Tesla Model S Prices Bumped by $2500 to $59,900, Battery Replacement Costs $8000-$12,000
Tesla has opened up about the Model S four-door’s recently announced price bumps: for all reservations placed after the end of 2012, Tesla Model S prices will increase by $2500. Before federal tax credits, that means the 40 kW-hr model will now cost $59,900, add $10,000 for the 60 kW-hr model and $20,000 for the 85 kW-hr model, while the 85 kW-hr Performance model will carry an MSRP of $94,900.
All Tesla Model S cars with the revised pricing will add as standard equipment 12-way power seats and heated front seats. At a constant 55 mph, Tesla estimates the ranges of the three different motor choices at 160, 230, 300 miles. Claimed acceleration from 0-60 mph times take from 4.4 to 6.5 seconds, though we tested a Performance model completing the sprint in 3.9 seconds.
Tesla notes that the $2500 price increase is half the rate of inflation, and with plenty of press — it was the Motor Trend 2013 Car of the Year, after all — luxury customers may still be willing to pay the premium. Speaking of premiums, Tesla is also offering a four-year/50,000-mile extended warranty above the car’s standard four-year/50,000-mile basic warranty.
The automaker has also revealed pricing for battery replacements. Taking the mystery out of the one maintenance detail that scares many about electric cars, Tesla says that $8000 will buy 40 kW-hr Model S customers a new battery to be installed at any time after the eighth year of ownership. The cost rises to $10,000 for the 60 kW-hr battery and $12,000 for the 85 kW-hr battery.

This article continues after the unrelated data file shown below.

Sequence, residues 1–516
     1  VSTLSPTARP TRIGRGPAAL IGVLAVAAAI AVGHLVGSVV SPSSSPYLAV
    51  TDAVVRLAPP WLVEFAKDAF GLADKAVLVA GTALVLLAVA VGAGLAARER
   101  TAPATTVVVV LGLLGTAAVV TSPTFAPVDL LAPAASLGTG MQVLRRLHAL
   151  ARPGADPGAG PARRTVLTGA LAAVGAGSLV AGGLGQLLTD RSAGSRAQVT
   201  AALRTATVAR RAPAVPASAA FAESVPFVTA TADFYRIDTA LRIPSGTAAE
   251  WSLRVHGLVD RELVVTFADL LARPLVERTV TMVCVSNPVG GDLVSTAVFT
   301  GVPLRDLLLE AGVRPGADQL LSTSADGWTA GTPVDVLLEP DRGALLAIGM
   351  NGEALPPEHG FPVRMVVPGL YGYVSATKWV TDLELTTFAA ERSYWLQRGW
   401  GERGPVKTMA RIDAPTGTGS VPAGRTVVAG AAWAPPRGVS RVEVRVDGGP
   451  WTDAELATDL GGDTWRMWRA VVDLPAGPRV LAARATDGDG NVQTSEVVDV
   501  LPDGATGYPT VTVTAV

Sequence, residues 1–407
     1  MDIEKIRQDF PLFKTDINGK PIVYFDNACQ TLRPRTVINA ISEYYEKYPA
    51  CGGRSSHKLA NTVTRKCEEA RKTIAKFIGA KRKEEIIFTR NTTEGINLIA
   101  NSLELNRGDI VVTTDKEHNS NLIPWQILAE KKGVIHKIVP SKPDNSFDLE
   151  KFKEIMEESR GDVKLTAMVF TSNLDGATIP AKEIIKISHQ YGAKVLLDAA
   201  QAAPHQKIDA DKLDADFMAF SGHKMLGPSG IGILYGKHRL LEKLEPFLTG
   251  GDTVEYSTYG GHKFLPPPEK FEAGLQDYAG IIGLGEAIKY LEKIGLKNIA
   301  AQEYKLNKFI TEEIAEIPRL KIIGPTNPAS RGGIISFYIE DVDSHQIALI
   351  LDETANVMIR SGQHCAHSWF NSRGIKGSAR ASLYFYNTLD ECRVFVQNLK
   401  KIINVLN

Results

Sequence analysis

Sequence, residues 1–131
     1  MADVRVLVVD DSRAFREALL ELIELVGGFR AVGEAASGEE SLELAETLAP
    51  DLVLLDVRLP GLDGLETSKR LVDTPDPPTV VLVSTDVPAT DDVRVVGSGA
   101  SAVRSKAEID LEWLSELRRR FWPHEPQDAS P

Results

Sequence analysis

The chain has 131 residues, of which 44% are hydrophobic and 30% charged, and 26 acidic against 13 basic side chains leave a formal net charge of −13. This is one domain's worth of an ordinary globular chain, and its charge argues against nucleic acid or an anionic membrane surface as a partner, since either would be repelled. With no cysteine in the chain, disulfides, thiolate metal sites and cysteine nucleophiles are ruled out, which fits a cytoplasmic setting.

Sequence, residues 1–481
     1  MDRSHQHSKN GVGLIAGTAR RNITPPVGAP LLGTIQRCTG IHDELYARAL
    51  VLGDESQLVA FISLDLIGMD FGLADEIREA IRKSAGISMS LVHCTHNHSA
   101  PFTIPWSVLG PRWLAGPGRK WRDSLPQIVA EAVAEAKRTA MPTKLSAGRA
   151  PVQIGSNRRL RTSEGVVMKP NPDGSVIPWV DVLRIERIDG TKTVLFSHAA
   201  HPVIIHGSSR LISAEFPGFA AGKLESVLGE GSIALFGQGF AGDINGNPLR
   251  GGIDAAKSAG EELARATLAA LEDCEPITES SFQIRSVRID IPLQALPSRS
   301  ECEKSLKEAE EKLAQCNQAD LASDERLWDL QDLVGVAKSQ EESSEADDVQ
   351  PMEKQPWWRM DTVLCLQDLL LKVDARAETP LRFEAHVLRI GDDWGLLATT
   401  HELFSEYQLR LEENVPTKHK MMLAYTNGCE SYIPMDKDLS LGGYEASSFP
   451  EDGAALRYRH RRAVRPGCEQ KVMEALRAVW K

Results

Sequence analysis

Those battery replacement option prices cover the battery and all installation labor and parts needed to make a Model S whole again. Customers who don’t select the option at time of order will have up to 90 days from date of delivery to choose it, and the prepaid battery will apply to second and subsequent owners even if the original owner sells their car. And while it states the fresh battery reprieve comes after the magic 8-year mark, there “will likely be economic outcomes (incentives or drawbacks) tied to early or late exercise options,” per a Tesla spokesperson.
Considering Tesla’s vehicle servicing strategy, we had to ask if a mobile battery swap was foreseeable in the year 2020. Representatives seemed amused by our image of an electric-powered box truck with enclosed lift being the 2020 version of the electric-car maker’s Service Ranger, but it appears the B&M route is the safe bet for the time being.
Read more about the Tesla Model S in our First Test and Range Verification article.
Benson Kong contributed to this post.
By Zach Gale